push: Push local commits to a published repository
eg push [--bypass-modification-check] [--branch BRANCH] [--tag TAG]
[--all-branches] [--all-tags] [--mirror] REPOSITORY
Push committed changes in the current repository to a published remote
repository. Note that this command cannot be used to create a new remote
repository; use 'eg publish' (which both creates a remote repository and
pushes to it) if you need to do that.
The push can fail if the remote repository has commits not
in the current repository; this can be fixed by pulling and merging
changes from the remote repository (use eg pull for this) and then
repeating the push. Note that for getting changes directly to a fellow
developer's clone, you should have them use 'eg pull' rather than trying
to use 'eg push' on your end.
Branches and tags are typically considered private; thus only the current
branch will be involved by default (no tags will be sent). The
--all-branches, --matching-branches, --all-tags, and --mirror options
exist to extend the list of changes included. The --branch and --tag
options can be used to specifically send different changes.
See 'eg help topic remote-urls' for valid syntax for remote repositories.
If you frequently push to the same repository, you may want to set up a
nickname for it (see 'eg help remote'), so that you can specify the
nickname instead of the full repository URL every time. Also, if you want
to change the default repository and branch to push to, see 'eg track'.
Push commits in the current branch
$ eg push myserver.com:git-stuff/my-repo.git
Push commits in all branches that already exist both locally and remotely
$ eg push --matching-branches ssh://web.site/path/to/project.git
Push commits in all branches, including branches that do no already exist
remotely, and all tags, to the remote nicknamed 'alice'
$ eg push --all-branches --all-tags alice
Push all local branches and tags and delete anything on the remote end
that is not in the current repository
$ eg push --mirror ssh://firstname.lastname@example.org:22/~jim/project/published
Create a two new tags locally, then push both
$ eg tag MY_PROJECT_1_0
$ eg tag USELESS_ALIAS_FOR_1_0
$ eg push --tag MY_PROJECT_1_0 --tag USELESS_ALIAS_FOR_1_0
Push the changes in just the stable branch
$ eg push --branch stable
To prevent you from pushing an incomplete set of changes, push
typically checks whether you have new unknown files or modified files
present and aborts if so. You can bypass these checks with this
Push commits in the specified branch. May be reused multiple times to
push commits in multiple branches.
As an advanced option, one can use the syntax LOCAL:REMOTE for the
branch. For example, "--branch my_bugfix:stable" would mean to use
the my_bugfix branch of the current repository to update the stable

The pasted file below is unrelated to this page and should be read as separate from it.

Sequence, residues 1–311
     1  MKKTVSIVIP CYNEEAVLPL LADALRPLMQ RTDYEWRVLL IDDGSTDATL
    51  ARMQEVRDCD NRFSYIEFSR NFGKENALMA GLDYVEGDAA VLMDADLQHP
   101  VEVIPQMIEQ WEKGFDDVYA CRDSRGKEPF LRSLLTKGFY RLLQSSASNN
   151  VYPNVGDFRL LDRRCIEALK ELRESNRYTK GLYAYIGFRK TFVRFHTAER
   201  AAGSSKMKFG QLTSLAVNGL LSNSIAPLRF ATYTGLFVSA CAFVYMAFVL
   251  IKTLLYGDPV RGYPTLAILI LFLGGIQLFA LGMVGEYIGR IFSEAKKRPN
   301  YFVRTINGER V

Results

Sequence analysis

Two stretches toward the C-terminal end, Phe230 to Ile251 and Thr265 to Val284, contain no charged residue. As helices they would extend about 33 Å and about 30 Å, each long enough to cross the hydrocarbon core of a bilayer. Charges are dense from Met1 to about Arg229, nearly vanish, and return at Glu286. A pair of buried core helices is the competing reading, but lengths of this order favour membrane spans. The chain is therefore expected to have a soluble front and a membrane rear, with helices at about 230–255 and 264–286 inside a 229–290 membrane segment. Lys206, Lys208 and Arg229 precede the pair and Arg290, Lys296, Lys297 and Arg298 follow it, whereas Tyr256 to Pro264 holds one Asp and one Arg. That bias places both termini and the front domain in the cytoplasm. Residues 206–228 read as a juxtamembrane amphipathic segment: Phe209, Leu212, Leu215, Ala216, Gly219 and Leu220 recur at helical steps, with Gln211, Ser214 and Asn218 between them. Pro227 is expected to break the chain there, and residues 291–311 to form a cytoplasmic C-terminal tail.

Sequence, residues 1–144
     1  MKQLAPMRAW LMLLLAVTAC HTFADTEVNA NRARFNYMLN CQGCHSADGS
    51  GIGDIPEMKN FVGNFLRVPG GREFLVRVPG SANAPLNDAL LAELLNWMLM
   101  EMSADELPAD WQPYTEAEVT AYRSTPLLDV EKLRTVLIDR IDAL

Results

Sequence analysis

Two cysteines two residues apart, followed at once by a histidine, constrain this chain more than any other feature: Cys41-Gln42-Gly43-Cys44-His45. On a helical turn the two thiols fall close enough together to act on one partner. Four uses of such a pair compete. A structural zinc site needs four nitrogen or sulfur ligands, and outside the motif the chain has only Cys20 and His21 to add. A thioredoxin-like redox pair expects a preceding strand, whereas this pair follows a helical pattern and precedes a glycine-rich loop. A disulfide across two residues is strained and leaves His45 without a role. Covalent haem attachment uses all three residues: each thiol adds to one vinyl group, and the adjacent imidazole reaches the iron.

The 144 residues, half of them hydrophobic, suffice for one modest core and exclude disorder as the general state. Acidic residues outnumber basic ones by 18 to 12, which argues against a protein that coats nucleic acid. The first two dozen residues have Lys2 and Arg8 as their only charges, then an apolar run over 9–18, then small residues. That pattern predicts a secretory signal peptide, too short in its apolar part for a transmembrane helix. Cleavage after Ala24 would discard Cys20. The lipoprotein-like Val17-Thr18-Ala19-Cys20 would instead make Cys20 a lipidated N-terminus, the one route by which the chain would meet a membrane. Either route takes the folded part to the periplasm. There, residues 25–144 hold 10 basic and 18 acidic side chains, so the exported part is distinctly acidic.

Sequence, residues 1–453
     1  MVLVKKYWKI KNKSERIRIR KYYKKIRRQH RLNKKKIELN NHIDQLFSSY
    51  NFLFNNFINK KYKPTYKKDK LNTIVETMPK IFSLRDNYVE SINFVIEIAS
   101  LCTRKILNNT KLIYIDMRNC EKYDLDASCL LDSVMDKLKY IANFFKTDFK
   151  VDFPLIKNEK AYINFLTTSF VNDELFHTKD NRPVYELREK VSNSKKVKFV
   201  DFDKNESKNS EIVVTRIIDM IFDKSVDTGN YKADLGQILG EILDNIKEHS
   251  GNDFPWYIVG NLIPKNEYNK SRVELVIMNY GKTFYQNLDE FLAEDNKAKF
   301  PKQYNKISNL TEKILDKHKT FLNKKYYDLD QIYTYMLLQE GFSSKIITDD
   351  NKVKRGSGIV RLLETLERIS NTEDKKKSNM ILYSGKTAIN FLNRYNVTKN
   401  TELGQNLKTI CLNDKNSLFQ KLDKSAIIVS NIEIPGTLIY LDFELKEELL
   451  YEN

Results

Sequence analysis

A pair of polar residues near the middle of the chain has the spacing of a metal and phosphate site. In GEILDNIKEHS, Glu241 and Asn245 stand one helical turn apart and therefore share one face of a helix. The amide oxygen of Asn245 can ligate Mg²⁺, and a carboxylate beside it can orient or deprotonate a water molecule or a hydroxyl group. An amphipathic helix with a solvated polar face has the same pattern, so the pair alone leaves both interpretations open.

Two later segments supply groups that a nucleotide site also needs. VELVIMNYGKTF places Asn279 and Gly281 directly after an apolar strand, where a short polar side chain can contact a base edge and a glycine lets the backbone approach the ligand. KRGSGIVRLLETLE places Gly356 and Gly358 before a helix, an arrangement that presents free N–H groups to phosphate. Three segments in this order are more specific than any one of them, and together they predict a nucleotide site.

branch of the remote repository.
Push the specified tag to the remote repository.
Push commits from all branches, including branches that do not yet exist
in the remote repository
Push commits from all branches that exist locally and remotely. Note that
this option is ignored if specific branches or tags are specified, or the
--all-branches or --all-tags options.
Push all tags to the remote repository.
Make the remote repository a mirror of the local one. This turns on
both --all-branches and --all-tags, but it also means that tags and
branches that do not exist in the local repository will be deleted from
the remote repository.
Differences from git push:
eg push is largely the same as git push, despite attempts to simplify in
a number of areas:
(1) push.default=tracking is the default if push.default is unset (git
uses push.default=matching if push.default is unset). This seems
to match the intuition of most former cvs/svn users, though it is
my one dangerous default change for existing git users. Tough
call, since the 'safe' defaults for each group are unsafe and/or
confusing for the other. A new --matching-branches flag is added
to get the old behavior (the plain ':' refspec from git does the
same, but --matching-branches is more self-documenting and also
predates the ':' refspec).
(2) eg prevents pushing into a bare repository as a push-side check
rather than a receive-side check (when it can determine that the
remote repository is bare -- i.e. if the repository url is for a
locally mounted filesystem or uses ssh). eg also allows the check
to be overridden on the push-side (by specifying a refspec
containing a ':' character). This means it can work for users of
existing repositories (created with git < 1.7), and it provides a
solution that both avoids working copy inconsistency for new users
while allowing more advanced users to do what they need on the same
repository, and without forcing users to twiddle with the
configuration of the remote repository. However, this method
doesn't work for repositories accessed via git://, and only works
for ssh-accessed repositories if users have ssh setup to not need a
password (kerberos, ssh-keys, etc.).
(3) eg performs checks for uncommitted changes and newly created
unknown files and warns/aborts if such exist when the user pushes
(most former cvs/svn users are not yet familiar with the fact that
only committed stuff gets pushed/pulled). As with eg commit, such
checks can be overridden with the -b flag.
(4) eg provides extra --tag and --branch flags to make command lines
more self-documenting and to avoid excessively early introduction
of refspecs (a very confusing topic for new users). However,
refspecs still work with eg push, and users can learn about them by
running 'eg help topic refspecs'.
Run 'git help push' for a comprehensive list of options available.
eg push is designed to accept the same options as git push, and
with the same meanings unless specified otherwise in the above